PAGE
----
Ever wanted a bendable tablet computer or a foldable electronic magazine? These devices may not be far off, according to graphene research from Northwestern University.
Specifically, the researchers developed a graphene-based ink that is tolerant to bending. They then used the ink to inkjet-print graphene patterns that can be used for electrodes. The patterns are 250 times more conductive than similar previous attempts. This could open a whole new world of consumer electronics.
"Graphene has a unique combination of properties that is ideal for next-generation electronics, including high electrical conductivity, mechanical flexibility, and chemical stability," Mark Hersam, professor of materials science and engineering at Northwestern's McCormick School of Engineering and Applied Science, said. "By formulating an inkjet-printable ink based on graphene, we now have an inexpensive and scalable path for exploiting these properties in real-world technologies."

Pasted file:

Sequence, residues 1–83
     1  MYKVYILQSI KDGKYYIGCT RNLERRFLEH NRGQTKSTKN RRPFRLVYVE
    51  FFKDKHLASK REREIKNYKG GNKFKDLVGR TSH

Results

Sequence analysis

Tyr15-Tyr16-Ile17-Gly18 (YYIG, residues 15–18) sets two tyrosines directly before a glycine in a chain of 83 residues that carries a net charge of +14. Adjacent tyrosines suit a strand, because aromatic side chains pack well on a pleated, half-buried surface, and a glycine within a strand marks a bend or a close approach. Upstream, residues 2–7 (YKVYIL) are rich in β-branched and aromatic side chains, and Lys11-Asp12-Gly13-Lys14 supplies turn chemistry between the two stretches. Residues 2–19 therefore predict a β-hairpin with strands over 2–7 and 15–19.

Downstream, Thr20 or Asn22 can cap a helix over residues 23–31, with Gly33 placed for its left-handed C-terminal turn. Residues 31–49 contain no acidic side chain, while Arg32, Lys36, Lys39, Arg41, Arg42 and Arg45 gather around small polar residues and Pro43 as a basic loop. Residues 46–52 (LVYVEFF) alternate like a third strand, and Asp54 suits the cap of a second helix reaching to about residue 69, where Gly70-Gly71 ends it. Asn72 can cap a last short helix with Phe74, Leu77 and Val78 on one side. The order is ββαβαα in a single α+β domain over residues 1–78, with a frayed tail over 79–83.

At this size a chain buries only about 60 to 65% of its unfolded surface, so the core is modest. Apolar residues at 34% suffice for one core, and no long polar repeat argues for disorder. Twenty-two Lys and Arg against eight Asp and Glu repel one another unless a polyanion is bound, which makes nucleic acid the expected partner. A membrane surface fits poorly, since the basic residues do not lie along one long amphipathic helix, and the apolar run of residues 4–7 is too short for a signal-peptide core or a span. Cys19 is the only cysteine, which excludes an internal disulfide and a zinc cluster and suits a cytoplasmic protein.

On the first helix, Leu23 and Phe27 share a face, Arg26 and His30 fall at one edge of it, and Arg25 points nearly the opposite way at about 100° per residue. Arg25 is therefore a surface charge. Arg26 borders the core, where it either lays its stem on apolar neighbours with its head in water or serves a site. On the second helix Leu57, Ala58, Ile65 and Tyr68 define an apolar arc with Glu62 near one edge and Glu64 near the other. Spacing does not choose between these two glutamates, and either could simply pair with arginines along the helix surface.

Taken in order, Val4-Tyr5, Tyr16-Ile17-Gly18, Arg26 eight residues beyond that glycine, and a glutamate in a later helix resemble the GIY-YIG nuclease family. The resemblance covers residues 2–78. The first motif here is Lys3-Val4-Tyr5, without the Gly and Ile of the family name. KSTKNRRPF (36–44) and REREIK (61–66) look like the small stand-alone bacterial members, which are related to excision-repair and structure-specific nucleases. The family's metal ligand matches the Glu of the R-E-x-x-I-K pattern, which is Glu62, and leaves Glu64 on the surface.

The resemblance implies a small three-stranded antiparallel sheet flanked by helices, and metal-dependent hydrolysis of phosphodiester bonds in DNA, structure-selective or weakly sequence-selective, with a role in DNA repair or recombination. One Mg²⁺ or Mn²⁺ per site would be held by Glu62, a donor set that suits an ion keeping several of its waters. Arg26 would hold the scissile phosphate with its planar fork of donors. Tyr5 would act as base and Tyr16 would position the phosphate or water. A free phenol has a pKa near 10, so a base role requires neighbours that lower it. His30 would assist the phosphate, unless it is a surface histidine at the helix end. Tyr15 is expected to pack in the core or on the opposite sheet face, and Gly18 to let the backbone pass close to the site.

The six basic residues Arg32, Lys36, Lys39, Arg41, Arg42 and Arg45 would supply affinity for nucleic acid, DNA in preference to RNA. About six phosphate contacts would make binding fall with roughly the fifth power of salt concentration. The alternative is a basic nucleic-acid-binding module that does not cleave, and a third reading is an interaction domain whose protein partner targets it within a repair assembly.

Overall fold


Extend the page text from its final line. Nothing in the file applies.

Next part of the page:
Graphene is the world's strongest, thinnest and most conductive material. However, inkjet printing with graphene has been a challenge because of the difficulty of obtaining enough graphene without a loss of electronic properties. In order to get around this challenge, the researchers mass-produced graphene at room temperature by using ethyl cellulose and ethanol to exfoliate graphite. This process reduced residue and produced a powder with a high concentration of nanoscale graphene flakes. To create precise patterns, the team printed the ink in multiple layers, each 14 nanometers thick. Since the ink's conductivity did not change, the scientists deduced that it could be used to make foldable electronics.
A number of graphene developments have taken place this year, including the first graphene earphones, graphene aerogel and research indicating that graphene could be used as solar paint.
The research regarding the inkjet-printed graphene was published April 8 in the Journal of Physical Chemistry Letters.